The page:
As more people are brought under the Pradhan Mantri Jan Dhan Yojana (PMJDY) scheme, their ability to access cash through ATMs remains a conundrum as the deployment of these machines is failing to match the requirement.

Rural India

Banks and ATM operators worry that low intercharge fee and a cap on the number of free ATM transactions are making the scheme unviable.

A warning was sounded by the CATMi (Confederation of ATM Industry), an association of companies who deploy ATMs for banks, about the risk of high dormancy among accounts opened under PMJDY if enough ATMs were not made available to service the new account holders.

Under the PMJDY, banks have registered 8.83 crore new account holders, issuing 5.85 crore RuPay cards, said BusinessLine.

RuPay is a domestic card scheme facilitating a multilateral system of payments in India, as per RBI's directive.


The newly issued card requires an ecosystem that supports it. New machines see less than 100 transactions a day, against a minimum of 120 required for an ATM operator to break even.

ATM operators and banks point to operating costs involved in keeping a machine running and say that existing interchange fee is not enough to sustain the business model, affecting their ability to install more ATMs.

The April to June quarter for the year saw ATM deployment grow at a measly 1% to the corresponding quarter a year ago.

The total number of ATMs in India stand at 1,67,000 as of June 2014; Point of Sale (PoS) terminals account for 1.08 crore.

ATM unavailability limits Card adoption

Tata Communications Payment Solutions CEO Sanjeev Patel highlighted the tremendous work done in bringing the rural populace under the banking scheme, and added that "not much" had been done to make the card adoption easier.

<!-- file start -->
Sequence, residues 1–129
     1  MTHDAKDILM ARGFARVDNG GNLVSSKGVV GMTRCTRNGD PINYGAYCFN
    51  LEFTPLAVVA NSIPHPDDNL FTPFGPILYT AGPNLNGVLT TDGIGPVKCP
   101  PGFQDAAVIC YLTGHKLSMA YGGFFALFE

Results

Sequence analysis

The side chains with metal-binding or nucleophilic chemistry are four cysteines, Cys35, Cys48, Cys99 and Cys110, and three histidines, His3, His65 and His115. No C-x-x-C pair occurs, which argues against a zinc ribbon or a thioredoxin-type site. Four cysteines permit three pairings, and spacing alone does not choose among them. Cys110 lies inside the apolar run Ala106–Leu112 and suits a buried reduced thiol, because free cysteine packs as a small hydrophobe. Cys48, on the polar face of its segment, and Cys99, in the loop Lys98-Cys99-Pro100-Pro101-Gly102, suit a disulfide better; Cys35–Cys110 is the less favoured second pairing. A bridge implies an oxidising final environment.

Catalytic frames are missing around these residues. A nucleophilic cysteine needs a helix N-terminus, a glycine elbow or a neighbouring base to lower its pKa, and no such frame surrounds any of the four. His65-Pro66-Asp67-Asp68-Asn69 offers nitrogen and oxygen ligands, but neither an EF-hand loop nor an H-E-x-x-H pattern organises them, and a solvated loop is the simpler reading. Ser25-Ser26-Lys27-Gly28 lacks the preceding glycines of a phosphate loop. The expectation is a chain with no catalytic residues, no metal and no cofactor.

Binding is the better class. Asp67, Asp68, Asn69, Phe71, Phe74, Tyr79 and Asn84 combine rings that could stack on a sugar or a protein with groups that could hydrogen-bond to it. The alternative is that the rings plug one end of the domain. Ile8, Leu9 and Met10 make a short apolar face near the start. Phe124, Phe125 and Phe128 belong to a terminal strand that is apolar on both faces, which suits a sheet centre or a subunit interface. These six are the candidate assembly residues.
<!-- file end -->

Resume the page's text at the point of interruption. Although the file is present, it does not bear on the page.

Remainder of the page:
According to Patel even when card issuance has seen an upswing, the ecosystem necessary to support it is dwindling, with many players choosing to slow down deployment.

A report by Deloitte and CII makes a case for 20,000 new ATMs to be available in the first phase of Narendra Modi government's financial inclusion plan; expected to run from August 15, 2014 to August 14, 2015.

Organized Banking Route at risk

Many Indian banks, state-owned and private, have capped the number of free transactions per month. However, a few banks insist that account holders who manage to maintain a good balance would be eligible for a charge waive-off.


Experts express fear that the added cost of transaction on the small value amount could drive people away from the organized banking route, defeating the very purpose of the scheme.

People with less or no balance, are the ones who need financial inclusion more than others; and it is this particular sub-set, inclusive of the urban poor, who will always need less money to withdraw, says Tata's Patel.

ICRA's co-head Financial Sector Ratings, Vibha Batra, pointed to the proliferation of ATMs in dense urban centres, where the number of transactions per ATM were lower and also per account deposits in rural areas average around Rs. 3,000 to 5,000,  and the number of transactions per ATMs was less and of low value.

The new banks to come up – IDFC and Bandhan Financial Services, could, however, change the financial landscape. The upcoming small banks will require adequate cash transfer and payment infrastructure mechanism to be in place in the next 2-3 years, creating an alternate channel of banking services.